Even if we can’t yet tell a specific individual, we can still detect a lot. Take that shrike, for instance. I’ve noticed that the famously unafraid “butcherbird” can be as withdrawing as any other songbird. A male American Kestrel steals its perch, and the shrike retreats, calling in protest as it goes. (Birds of the World notes that shrikes on their breeding territory will chase off kestrels. But this young shrike is on winter grounds.) And like the American Tree Sparrows also at Willow Spring this winter, the shrike hid away when a male Northern Harrier, the “gray ghost,” coursed through and then above the shrike’s hunting ground.

Northern Harrier (Jared Del Rosso)

One more thing I’ve learned. This particular shrike seems to favor small rodents over small songbirds. Though my observations are admittedly limited, I’ve only seen it pluck rodents from the grasses and weeds. It seems to ignore numerous flocks of Red-winged Blackbirds that fly over. In one hunting attack in the grasses, the shrike landed next to a small flock of tree sparrows yet seemed to ignore them.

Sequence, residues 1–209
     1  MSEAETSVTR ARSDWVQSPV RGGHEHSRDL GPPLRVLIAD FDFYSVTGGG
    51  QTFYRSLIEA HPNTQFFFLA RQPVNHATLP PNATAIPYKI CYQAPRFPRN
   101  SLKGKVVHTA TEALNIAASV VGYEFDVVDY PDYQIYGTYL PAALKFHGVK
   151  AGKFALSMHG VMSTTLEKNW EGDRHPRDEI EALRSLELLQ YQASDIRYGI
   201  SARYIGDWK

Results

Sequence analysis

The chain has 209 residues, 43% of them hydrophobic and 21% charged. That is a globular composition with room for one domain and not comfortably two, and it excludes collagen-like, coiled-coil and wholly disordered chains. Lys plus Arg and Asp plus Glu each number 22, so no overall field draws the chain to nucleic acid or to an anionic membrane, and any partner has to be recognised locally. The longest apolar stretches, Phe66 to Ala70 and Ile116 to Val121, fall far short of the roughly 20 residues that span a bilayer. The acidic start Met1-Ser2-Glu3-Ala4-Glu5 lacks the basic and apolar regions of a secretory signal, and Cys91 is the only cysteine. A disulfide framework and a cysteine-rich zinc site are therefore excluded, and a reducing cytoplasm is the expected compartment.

Birds of the World offers no clue to this shrike’s apparent preference for rodents. Maybe there are more voles this year. Maybe it’s the other predators. Or maybe it’s simply this: I haven’t yet watched the shrike enough to see its songbird pursuits.

Maybe that’s the point (it’s certainly one of the pleasures) of bird-watching. It forces us to slow down and notice more about where we’re watching birds and what else is there. Certainly, spending 30-45 minutes in one spot, and returning there frequently means less time in other spots, other habitats — and fewer species per outing. But remaining still, in one small patch, widens our view to other things, doesn’t it?